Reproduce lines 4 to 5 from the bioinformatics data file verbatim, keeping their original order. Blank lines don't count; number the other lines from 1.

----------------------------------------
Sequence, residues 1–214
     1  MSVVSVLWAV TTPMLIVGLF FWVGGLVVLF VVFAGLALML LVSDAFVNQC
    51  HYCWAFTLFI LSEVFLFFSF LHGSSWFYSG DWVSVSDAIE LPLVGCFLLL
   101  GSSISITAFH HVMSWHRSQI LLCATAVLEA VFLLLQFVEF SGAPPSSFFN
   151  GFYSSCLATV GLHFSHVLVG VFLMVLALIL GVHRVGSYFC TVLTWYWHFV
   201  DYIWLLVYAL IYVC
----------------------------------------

   101  GSSISITAFH HVMSWHRSQI LLCATAVLEA VFLLLQFVEF SGAPPSSFFN
   151  GFYSSCLATV GLHFSHVLVG VFLMVLALIL GVHRVGSYFC TVLTWYWHFV